Spotlight Exclusives

A New Way to Measure Poverty: SPM Round-Up

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The highly anticipated release of the Census Bureau۪s new Supplemental Poverty Measure (SPM) last week identified almost three million more Americans living in poverty than under the official poverty measure. Unlike the official measure, the SPM takes account of additional income sources, such as tax credits and non-cash benefits, and additional expenses, such as childcare and out-of-pocket health expenses. <?xml:namespace prefix = o ns = “urn:schemas-microsoft-com:office:office” />


OOTS first previewed the SPM in October.  Since that time, major news outlets including The New York Times andThe Washington Post have covered the SPM۪s new findings.


Spotlight also featured immediate reactions to the release, tapping two voices to comment on the new data the day after the Census announcement. 


Indivar Dutta-Gupta of the Center on Budget and Policy Priorities highlighted specific findings, noting that the “Supplemental Nutrition Assistance Program (formerly food stamps) kept more than four million above the poverty line. This provides proof that these programs help protect American families from poverty caused by low pay, job loss, disability, old age, and other vulnerabilities.”


Peter Mitchell of The Clapham Group also weighed in, pointing out that the SPM only accounts for material evaluations when it should also account for social capital: “The discussion of the SPM must not consist purely of technical and statistical soliloquies, but of a wider discussion on whether the SPM attempts to measure those things we value. This is vital because how we measure poverty shapes our perception of it and most importantly how we seek to solve it.”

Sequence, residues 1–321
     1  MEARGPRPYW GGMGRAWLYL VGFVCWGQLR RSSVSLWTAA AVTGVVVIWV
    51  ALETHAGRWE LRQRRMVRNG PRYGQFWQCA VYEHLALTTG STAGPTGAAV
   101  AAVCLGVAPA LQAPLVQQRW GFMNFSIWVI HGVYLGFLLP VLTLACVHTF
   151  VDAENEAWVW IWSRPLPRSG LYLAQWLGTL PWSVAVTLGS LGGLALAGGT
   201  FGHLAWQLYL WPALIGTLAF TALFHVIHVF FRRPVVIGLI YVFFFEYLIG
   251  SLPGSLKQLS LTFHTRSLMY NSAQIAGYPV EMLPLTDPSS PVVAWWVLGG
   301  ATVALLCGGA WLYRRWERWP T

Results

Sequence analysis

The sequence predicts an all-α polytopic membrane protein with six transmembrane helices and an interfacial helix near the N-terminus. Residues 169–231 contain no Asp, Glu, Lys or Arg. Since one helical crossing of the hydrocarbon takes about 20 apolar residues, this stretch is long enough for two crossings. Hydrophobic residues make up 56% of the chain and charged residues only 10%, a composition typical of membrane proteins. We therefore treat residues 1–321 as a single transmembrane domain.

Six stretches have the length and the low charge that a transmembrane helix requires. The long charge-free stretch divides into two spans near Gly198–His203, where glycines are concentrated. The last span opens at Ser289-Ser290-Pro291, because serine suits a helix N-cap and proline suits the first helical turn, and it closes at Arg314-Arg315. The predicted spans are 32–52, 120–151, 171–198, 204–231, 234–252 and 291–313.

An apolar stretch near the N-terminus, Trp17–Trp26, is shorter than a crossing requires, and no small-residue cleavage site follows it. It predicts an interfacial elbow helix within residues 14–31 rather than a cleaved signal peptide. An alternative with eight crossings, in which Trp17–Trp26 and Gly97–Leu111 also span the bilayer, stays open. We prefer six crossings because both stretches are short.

The New York Times columnist Charles Blow was more positive about the new measure. In an opinion piece earlier this week, Blow argued that the SPM responds to years of frustration about the official poverty measure from all corners, writing, “For decades, experts on both sides of the poverty debate have complained that the official government measure is flawed because it doesn۪t account for measures like benefits from government programs, health care costs or taxes.”


While the SPM is technically experimental and unofficial, the debate will continue as policymakers seek to accurately measure how many Americans live in poverty. Stay tuned to Spotlight for further developments, which can be found on our Poverty Data page.


Posted by Mike

Here at Out of the Spotlight, we offer a behind-the-scenes look at the latest news and information essential to anyone working to fight poverty. From key political appointees to clashes over policy, we cover the news that doesn’t always make the evening news. Check out Out of the Spotlight for our take on the twists and turns of the latest political developments and their impact on poverty reduction. Topics and ideas are welcome! Just contact or

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